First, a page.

The Duchess of Angoulême Emerald Tiara

© The Royal Archivist. Please do not duplicate.

The Duchess of Angoulême Emerald Tiara was created by Maison Bapst, jeweler to the French Court, for the only surviving child of King Louis XVI and Queen Marie Antoinette, Princess Marie-Thérèse Charlotte of France.

The tiara was created many years after the French Revolution; between September 1819 and July 1820 with stones already in the French Treasury. It’s made out of gold. The emeralds and diamonds are set in silver. The large center emerald weighs almost 16 carats. The tiara is set with 40 emeralds for a total weight of 79.12 carats. The emeralds are surrounded by over one thousand diamonds. (1,031 to be exact.)

Princess Marie-Thérèse, Duchess of Angoulême, may have been in need of regal jewelry because in 1799 she married an heir to the throne, her first cousin Louis Antoine, Duke of Angoulême, son of Louis XVI’s younger brother, Charles X. (As an aside, the Duke of Angoulême briefly reigned as Louis XIX for about 20 minutes, before he abdicated.)

© The Royal Archivist. Please do not duplicate.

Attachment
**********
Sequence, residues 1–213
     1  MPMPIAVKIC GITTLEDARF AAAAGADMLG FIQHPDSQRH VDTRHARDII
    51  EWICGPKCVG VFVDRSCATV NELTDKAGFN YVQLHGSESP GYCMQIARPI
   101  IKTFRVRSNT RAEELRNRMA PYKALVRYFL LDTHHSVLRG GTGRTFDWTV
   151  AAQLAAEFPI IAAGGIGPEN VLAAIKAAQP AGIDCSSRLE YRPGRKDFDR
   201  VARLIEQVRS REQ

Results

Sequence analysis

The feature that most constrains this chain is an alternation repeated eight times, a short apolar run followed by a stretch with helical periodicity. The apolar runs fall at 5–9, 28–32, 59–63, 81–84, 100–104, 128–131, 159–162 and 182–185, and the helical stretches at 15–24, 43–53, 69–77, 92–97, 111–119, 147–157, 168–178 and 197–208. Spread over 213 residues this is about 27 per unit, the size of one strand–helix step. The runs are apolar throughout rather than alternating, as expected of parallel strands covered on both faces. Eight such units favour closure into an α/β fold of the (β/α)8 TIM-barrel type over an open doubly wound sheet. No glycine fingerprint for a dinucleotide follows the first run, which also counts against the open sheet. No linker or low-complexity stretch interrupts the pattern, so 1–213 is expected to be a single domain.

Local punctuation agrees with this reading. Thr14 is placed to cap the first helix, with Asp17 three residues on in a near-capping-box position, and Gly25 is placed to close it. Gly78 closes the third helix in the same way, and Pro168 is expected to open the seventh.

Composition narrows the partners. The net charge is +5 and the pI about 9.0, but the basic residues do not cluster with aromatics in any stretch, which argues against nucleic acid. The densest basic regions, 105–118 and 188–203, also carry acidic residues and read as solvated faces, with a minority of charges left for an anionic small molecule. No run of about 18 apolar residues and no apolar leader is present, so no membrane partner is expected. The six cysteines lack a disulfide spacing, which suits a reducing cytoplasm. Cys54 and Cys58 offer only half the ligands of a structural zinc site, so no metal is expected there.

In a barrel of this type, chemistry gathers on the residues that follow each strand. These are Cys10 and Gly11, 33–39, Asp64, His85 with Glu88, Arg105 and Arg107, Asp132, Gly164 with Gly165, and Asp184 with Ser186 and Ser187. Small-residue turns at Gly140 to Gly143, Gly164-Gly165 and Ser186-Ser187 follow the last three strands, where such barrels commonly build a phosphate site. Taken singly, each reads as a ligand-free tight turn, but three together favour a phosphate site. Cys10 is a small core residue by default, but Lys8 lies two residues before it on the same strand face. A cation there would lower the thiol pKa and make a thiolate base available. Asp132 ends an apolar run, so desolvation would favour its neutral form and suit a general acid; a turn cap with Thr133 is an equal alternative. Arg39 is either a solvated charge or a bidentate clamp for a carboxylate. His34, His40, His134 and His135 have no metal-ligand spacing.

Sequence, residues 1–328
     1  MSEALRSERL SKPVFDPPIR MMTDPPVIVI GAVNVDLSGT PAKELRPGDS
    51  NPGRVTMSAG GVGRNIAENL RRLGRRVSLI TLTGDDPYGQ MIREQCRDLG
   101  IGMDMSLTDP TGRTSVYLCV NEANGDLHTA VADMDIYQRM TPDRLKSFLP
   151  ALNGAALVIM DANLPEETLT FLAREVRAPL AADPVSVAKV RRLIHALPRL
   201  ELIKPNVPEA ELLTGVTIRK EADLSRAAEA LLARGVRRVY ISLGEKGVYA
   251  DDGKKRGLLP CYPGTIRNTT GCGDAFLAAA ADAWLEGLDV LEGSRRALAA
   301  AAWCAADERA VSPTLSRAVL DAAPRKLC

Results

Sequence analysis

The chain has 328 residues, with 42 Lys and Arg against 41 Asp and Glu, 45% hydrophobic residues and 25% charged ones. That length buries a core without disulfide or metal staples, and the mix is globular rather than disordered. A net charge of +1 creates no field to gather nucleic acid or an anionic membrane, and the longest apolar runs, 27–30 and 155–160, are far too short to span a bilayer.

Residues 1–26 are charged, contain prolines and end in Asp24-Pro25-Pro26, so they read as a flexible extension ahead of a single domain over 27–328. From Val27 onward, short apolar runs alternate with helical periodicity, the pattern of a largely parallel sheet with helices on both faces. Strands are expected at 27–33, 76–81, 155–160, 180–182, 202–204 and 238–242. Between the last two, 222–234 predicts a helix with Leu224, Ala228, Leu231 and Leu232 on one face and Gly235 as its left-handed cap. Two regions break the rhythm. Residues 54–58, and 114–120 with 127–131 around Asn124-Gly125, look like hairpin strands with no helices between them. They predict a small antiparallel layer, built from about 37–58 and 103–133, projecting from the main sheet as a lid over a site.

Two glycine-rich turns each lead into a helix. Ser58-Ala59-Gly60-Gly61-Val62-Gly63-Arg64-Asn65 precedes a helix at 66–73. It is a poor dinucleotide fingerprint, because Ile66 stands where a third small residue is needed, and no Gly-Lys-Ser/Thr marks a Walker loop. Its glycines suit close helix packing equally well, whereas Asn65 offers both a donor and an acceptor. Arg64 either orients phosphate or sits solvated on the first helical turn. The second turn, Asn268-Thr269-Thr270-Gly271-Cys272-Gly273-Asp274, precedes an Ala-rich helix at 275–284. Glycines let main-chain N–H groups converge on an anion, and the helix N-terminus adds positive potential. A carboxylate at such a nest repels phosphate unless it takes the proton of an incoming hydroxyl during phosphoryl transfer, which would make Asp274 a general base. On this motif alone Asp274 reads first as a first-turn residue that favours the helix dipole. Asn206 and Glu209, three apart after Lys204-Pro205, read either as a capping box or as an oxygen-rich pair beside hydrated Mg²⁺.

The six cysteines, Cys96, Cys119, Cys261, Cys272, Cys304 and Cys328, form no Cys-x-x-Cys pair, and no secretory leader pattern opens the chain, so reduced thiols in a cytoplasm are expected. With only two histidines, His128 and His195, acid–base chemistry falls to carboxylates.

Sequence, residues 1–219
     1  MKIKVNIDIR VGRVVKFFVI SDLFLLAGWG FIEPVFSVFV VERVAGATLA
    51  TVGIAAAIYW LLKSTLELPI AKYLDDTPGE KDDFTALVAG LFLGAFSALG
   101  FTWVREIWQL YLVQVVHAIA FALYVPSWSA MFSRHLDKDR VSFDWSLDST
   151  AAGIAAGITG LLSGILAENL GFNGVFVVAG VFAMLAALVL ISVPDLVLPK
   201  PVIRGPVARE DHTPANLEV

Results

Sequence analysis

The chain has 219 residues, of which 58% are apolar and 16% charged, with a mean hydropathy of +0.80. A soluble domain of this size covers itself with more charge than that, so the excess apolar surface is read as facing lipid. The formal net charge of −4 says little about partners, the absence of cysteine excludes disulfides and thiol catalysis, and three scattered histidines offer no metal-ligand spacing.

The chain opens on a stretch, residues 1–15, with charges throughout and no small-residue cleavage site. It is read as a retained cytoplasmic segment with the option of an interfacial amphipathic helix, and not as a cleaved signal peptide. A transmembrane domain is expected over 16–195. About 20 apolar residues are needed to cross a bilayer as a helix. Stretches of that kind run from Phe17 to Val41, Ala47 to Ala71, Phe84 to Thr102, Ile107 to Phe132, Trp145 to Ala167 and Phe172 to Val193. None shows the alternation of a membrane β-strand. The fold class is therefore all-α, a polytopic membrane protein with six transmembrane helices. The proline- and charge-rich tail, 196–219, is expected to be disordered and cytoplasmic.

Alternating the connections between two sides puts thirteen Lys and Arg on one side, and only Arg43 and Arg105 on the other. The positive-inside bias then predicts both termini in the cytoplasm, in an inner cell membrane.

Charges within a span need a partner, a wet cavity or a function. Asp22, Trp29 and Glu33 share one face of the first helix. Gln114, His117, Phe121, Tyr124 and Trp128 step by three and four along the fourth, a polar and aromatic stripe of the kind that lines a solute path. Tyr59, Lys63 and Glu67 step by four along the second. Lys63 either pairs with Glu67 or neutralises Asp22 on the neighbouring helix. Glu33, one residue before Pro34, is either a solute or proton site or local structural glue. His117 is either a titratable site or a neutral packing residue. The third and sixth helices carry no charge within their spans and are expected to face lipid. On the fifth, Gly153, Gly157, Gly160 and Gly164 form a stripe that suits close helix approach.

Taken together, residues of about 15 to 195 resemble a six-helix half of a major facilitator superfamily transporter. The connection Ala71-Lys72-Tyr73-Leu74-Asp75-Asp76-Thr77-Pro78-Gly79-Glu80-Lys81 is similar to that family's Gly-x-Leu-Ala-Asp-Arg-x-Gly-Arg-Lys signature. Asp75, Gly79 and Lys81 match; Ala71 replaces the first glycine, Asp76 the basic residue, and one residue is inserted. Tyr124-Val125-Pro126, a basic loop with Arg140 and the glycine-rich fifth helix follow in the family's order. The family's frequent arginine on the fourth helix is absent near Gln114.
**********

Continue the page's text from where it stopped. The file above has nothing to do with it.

Later, the emerald and diamond tiara became the favorite tiara of the beautiful Empress Eugénie, wife of Napoleon III. After the defeat of Napoleon III in 1870, the jewel became the property of the state. However, the French sold it in 1887, along with the other crown jewels.

In modern times, the tiara came into the possession of Lady Belinda Lambton, wife of the Conservative Defense Minster, Lord Lambton. Throughout Lady Lambton’s ownership, it was kept safe inside Wartski’s vaults. Before Lord Lambton’s death in 2006, it was sold to the Louvre, where it’s been on display ever since.

Sources

Tiaras: A History of Splendour by Geoffrey C. Munn

Wartski: The First One Hundred and Fifty Years by Geoffrey C. Munn